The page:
Sayan Ghosh: ‘La Question’ by Françoise Hardy
Mick Jagger called her his “ideal woman.” Carly Simon always “tried to dress like her.” Alexa Chung and Rei Kawakubo cite her as inspirations. Françoise Hardy’s long and prolific career has transcended the French music world, transforming her into a global icon of music and fashion. Her breezy ode to youth “Le temps de l’amour” is featured in “Moonrise Kingdom,” and for the most part, represents what most people — including me at one point — recognize from her vast discography. Yet her first departure from her trademark catchy, but disposable, style of pop remains my favorite and her musical peak.
The increased musical maturity in Hardy’s 1971 album La Question is a result of her collaboration with a Brazilian guitarist named Tuca. While it is not exactly a bossa nova album per se, the somewhat subdued and melancholic nature of the Brazilian genre permeates the album. Tuca’s orchestral compositions in songs like “La question” and “Mer” avoid being overtly sappy and sentimental, and subtly complement the sparse, minimalist instrumental arrangements.
Compared with her poppier previous output, the melodies on La Question are noticeably richer and more complex. While Hardy does not showcase much vocal range, her incredibly soothing, rather restrained voice is given a wider variety of tones and textures to explore. At its core, much of the album deals with the idea of longing, and that idea is never more apparent than when Hardy simply extends a word or phrase, such as “viens” (“Come”) or “mer” (“Sea”) in her trademark, breathy manner.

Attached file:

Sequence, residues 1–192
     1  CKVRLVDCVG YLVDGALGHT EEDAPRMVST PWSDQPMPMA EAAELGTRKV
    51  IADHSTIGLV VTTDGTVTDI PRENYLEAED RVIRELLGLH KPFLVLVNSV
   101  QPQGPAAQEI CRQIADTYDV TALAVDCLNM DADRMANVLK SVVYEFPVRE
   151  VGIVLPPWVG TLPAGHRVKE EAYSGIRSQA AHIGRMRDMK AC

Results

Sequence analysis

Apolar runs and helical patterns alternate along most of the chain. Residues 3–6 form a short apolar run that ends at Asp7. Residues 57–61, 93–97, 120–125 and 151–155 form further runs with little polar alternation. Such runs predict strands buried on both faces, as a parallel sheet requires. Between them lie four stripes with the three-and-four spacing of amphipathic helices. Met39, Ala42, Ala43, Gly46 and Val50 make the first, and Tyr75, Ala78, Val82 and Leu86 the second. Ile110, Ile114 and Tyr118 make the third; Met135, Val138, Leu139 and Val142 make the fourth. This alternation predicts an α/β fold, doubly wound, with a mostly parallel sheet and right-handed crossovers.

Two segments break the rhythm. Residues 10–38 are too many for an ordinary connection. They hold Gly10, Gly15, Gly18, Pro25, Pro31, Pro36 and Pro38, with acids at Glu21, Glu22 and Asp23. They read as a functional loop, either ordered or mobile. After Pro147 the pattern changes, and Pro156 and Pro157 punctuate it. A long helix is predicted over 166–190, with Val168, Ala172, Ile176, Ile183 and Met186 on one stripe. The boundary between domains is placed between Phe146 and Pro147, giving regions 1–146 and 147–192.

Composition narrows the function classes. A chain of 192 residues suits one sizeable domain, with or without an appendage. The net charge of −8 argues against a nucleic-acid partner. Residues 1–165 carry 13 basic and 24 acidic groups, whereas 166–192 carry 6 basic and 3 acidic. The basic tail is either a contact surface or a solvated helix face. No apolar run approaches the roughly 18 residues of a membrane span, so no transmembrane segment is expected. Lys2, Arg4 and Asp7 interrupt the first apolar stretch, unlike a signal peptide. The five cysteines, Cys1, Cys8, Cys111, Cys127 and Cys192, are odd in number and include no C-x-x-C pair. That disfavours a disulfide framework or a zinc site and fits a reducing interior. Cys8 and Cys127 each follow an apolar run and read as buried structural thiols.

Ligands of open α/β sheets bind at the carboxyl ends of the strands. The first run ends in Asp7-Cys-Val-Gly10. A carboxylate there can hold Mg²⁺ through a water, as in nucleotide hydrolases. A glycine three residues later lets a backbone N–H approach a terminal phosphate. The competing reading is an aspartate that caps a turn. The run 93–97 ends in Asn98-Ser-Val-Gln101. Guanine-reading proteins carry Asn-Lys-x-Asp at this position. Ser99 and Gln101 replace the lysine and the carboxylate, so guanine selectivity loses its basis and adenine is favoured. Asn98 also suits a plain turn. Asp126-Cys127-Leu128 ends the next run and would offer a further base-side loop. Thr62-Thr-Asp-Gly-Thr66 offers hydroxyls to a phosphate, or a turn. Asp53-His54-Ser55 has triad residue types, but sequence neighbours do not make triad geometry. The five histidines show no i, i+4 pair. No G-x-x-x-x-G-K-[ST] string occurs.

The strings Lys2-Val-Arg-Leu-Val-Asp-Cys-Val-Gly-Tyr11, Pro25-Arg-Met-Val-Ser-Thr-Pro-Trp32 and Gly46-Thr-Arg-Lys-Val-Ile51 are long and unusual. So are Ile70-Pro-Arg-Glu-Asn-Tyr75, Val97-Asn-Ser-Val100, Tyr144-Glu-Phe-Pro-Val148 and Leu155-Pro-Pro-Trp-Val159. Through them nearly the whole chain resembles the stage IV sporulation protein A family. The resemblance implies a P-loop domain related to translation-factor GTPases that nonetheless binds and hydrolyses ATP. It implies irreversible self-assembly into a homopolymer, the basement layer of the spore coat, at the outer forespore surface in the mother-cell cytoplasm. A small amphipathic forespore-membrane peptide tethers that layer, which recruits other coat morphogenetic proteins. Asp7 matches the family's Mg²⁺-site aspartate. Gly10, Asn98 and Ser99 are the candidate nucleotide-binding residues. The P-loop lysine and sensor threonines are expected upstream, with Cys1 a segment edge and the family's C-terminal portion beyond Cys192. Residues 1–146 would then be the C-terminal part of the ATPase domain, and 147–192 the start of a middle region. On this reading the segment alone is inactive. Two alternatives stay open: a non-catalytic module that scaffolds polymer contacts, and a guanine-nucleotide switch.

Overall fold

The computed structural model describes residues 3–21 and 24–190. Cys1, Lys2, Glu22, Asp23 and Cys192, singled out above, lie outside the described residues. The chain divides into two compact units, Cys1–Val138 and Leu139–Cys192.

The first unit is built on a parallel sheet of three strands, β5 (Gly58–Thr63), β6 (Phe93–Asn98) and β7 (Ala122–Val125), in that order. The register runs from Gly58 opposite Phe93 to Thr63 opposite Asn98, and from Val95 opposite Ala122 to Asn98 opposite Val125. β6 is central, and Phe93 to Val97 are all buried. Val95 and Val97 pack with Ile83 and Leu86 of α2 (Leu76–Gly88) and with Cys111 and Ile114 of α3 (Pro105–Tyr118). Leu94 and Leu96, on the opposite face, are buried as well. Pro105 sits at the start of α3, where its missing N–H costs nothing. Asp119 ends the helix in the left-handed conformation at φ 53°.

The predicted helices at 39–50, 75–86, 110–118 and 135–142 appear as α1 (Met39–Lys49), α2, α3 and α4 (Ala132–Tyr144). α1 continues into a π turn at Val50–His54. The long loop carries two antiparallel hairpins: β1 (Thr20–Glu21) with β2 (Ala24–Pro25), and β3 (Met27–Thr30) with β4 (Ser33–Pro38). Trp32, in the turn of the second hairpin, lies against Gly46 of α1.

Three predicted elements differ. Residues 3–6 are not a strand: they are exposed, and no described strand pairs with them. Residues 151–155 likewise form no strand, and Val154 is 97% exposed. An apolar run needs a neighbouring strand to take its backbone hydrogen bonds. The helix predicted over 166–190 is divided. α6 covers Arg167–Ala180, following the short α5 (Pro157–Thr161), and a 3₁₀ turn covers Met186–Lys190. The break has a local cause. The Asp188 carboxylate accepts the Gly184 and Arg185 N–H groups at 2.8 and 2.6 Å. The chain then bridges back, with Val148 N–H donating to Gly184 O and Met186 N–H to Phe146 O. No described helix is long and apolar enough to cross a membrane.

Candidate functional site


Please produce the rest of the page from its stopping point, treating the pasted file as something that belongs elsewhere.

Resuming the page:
Hardy’s lyrics on La Question range from sensual to wistful, but never overwrought. The title track is a beautiful meditation on what could be interpreted as a dying relationship, with Hardy singing: “Je ne sais pas pourquoi je reste dans une mer où je me noie” (“I don’t know why I’m staying in a sea which I’ll drown in”), but also confessing to her lover: “Tu es ma question sans réponse, mon cri muet et mon silence” (“You are my question without an answer, my mute cry and my silence”).
On “Mer,” another lyrical standout, Hardy paints a poetic picture of the sea, ultimately saying: “Mon amour est si lourd à porter, je voudrais doucement me coucher dans le mer” (“My love is too heavy to bear, I want to softly sleep in the sea”). However, she can be equally frank as poetic, as evident on the following track, “Oui je dis adieu,” in which she tells a former lover: “Avec toi la vie est pleine de saudades tout le temps, ça ne me dit plus rien, cette perte de mon temps” (“With you life is full of saudade, this waste of time means nothing to me anymore”), using the Portuguese word “saudade.”
On La Question, Hardy’s voice lives up to its full potential with Tuca’s delicate yet emotive arrangements, creating a unique melancholic atmosphere. Four decades after its release, it remains a perfect soundtrack to a reflective rainy day.